I travel nearly 200,000 miles a year, and over the course of millions of miles and more than 100 countries, I’ve learned a few things about not just “surviving” but “thriving” on the road. A few years ago I was really frustrated about so much travel, but then realized it was part of what I […] → continue…

From:: Phil Coke

Why using recommended recording media is important

By Matthew Allard ACS

Why should you use manufacturer-recommended recording media? Well to put it bluntly, because it has been thoroughly tested by the manufacturer whose device it’s to be used in. I always scratch…

The post Why using recommended recording media is important appeared first on Newsshooter.

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From:: News Shooter

Sci-Fi Masterpiece? Cult Classic? B.O. Bomb? ‘Blade Runner’ Will Always Be an Enigma

By Christopher Boone

If history is our guide, ‘Blade Runner 2049’ was never going to open big. But it will likely have us talking for years to come.

On Friday, June 25, 1982, two films shared the title for the widest release of the weekend with 1,295 screens: Star Trek II: The Wrath of Khan (down from its initial screen count of 1,621 on June 4, 1982) and a new release, the strangely titled Blade Runner.

Neither of those films, however, would capture the top spot at the box office that weekend. That honor went to E.T., which in its third week in release recorded its best weekly box office of its one-year theatrical run, bringing in $24.9 million between June 25 and July 1 on its way to an historic $353.3 million in its initial theatrical release. During that same week, Blade Runner captured the No. 2 spot on the box office chart, bringing in $9.55 million for the week after a weekend opening of $6.15 million.

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From:: No Film School

The Control Room app lets you control Lightroom from your smartphone

Need to spice up your Lightroom editing experience on the desktop? No need to wait for whatever Adobe has waiting for us at AdobeMAX, you can try out the Control Room app instead. Available for both Android and iOS, the app lets you control all of your Lightroom sliders (and more) from your smartphone, allowing you to lean back and edit the photos on your desktop without touching a mouse or keyboard.

The app was created by software engineer and photographer Aaron Vizzini, who only recently decided to share his creation with the general public.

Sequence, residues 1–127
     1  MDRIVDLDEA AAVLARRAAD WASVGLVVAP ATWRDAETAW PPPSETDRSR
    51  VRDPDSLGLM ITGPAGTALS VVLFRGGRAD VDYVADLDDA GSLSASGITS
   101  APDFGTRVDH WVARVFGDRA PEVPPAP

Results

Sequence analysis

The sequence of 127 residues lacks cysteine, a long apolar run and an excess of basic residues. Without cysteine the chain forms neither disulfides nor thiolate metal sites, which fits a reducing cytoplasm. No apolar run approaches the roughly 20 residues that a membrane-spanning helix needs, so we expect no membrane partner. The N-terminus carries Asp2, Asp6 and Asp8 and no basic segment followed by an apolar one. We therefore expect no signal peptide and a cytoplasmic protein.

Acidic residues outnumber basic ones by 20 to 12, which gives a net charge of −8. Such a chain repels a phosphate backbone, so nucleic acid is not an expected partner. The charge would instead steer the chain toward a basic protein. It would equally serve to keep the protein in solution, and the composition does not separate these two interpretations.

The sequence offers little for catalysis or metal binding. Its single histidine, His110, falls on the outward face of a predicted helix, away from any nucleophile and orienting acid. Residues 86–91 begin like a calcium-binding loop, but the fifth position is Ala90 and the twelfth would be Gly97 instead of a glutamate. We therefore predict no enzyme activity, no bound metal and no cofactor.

Using Control Room, you can both edit and manage (rate, flag, create rapid collections) your photos using your smartphone as the control pane. Any changes you make on your device will update in real time on the computer through a companion plugin. It’s exactly as seamless as it sounds:

Whether or not this will actually help speed up your Lightroom workflow is entirely dependent on you, but the idea, at least, is pretty neat. To learn more about Control Room or get the $4 app for yourself, head over to the iTunes App Store or Google Play, and then visit the Control Room website to download that plugin as well.

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From:: DPreview

Google shares high-resolution Pixel 2 sample photos

As with the original Pixel handsets, Google is stressing the quality of its Pixel 2 phone’s 12MP camera, calling it the “world’s highest rated smartphone camera” thanks to its DxOMark score of 98. The smartphone doesn’t start shipping to buyers until November 15th, but ahead of that the company has shared a gallery of unedited images and videos taken with the handset.

The gallery was shared on Saturday by Google employee Issac Reynolds, who explained that the content includes two videos that were edited to demonstrate the camera’s video stabilization through a side-by-side comparison. In addition, Reynolds says that the only equipment used in these shots, the Pixel 2 aside, were hand grips and, in certain instances, handheld reflectors.

Anyone can view and download the gallery’s content for analysis using third-party software. As recently reported, Google will allow Pixel 2 owners to upload unlimited full-resolution videos and photos to Google Photos for free until 2020. Once that date arrives, and assuming the regular 15GB threshold is reached, Pixel owners will need to pay for additional storage or continue using free backups at a lower quality compressed resolution.

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From:: DPreview

Google’s unlimited full-res photo storage for Pixel 2 owners ends in 2020

Google is offering Pixel 2 buyers a special perk that allows them to store an unlimited number of full-resolution photos and videos through Google Photos, but it comes with a catch. Fine print listed at the bottom of Google’s Pixel 2 product page notes that the free unlimited full-res storage is only available until 2020; at that point, the handsets will revert to Google Photos’ typical ‘high-quality’ unlimited storage option.

‘High-quality’ is the term Google uses to denote a 1080p video resolution and 16MP image resolution.

Google Photos allows any user to upload an unlimited number of photos and videos at up to this high-quality threshold; anything that exceeds it is compressed when uploaded and that compressed version is stored. The Pixel 2 will sidestep this restriction, but only for a couple years.